Used in: Monero and Particl as its successor RING-CT, Bytecoin
In December 2012, CryptoNote introduced the use of ring signatures and stealth addresses (along with other notable features such as its own codebase) to improve cryptocurrency privacy.[9] An updated CryptoNote version 2 came in October 2013 [10](though there is some dispute over this timeline [11]), also authored under the name Nicolas van Saberhagen. Ring signatures hide sender information by having the sender sign a transaction using a signature that could belong to multiple users. This makes a transaction untraceable. Stealth addresses allow a receiver to give a single address which generates a different public address for funds to be received at each time funds are sent to it. That makes a transaction unlinkable. In terms of privacy, CryptoNote gave us a protocol for untraceable and unlinkable transactions. The first implementation of CryptoNote technology was Bytecoin in March 2014 (timeline disputed [12]), which spawned many children (forks) in subsequent years, a notable example being Monero, based on CryptoNote v2 in April 2014.
RING SIGNATURES and STEALTH ADDRESSES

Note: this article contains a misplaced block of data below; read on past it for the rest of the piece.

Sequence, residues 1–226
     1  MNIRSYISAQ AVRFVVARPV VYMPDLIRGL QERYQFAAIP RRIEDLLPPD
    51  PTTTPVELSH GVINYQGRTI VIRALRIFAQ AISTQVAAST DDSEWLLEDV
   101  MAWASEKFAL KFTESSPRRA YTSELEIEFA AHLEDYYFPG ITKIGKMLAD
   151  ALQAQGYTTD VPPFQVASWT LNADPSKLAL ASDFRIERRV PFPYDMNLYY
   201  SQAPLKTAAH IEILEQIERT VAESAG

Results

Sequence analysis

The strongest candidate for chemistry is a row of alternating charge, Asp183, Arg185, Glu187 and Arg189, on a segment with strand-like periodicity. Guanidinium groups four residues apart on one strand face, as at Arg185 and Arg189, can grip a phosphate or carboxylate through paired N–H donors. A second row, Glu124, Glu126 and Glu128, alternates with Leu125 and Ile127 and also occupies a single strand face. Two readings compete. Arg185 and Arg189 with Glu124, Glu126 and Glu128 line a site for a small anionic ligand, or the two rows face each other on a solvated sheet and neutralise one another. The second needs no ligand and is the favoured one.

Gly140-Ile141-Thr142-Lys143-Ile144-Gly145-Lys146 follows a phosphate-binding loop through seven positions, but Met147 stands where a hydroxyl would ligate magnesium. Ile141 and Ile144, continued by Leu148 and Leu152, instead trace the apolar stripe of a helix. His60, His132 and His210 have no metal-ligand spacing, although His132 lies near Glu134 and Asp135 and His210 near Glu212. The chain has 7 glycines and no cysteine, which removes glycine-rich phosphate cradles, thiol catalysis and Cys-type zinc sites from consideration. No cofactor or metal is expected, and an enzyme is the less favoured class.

PROS

– Provides sender and receiver privacy
– Privacy can be default
– Mature technology
– Greater scalability with bulletproofs
– Does not require any third-party

CONS

– Privacy not very effective without high volume
-Does not hide transaction information if not combined with another protocol.

COINJOIN

Used in: Dash
Bitcoin developer Gregory Maxwell proposed a set of solutions to bring privacy to Bitcoin and cryptocurrencies, the first being CoinJoin (January 28 – Aug 22, 2013).[13],[14] CoinJoin (sometimes called CoinSwap) allows multiple users to combine their transactions into a single transaction, by receiving inputs from multiple users, and then sending their outputs to the multiple users, irrespective of who in the group the inputs came from. So, the receiver will get whatever output amount they were supposed to, but it cannot be directly traced to its origination input. Similar proposals include Coinshuffle in 2014 and Tumblebit in 2016, building on CoinJoin but not terribly popular [15],[16]. They fixed the need for a trusted third party to ‘mix’ the transactions. There are CoinJoin implementations that are being actively worked on but are not the most popular privacy solutions of today. A notable coin that uses CoinJoin technology is Dash, launched in January 2014, with masternodes in place of a trusted party.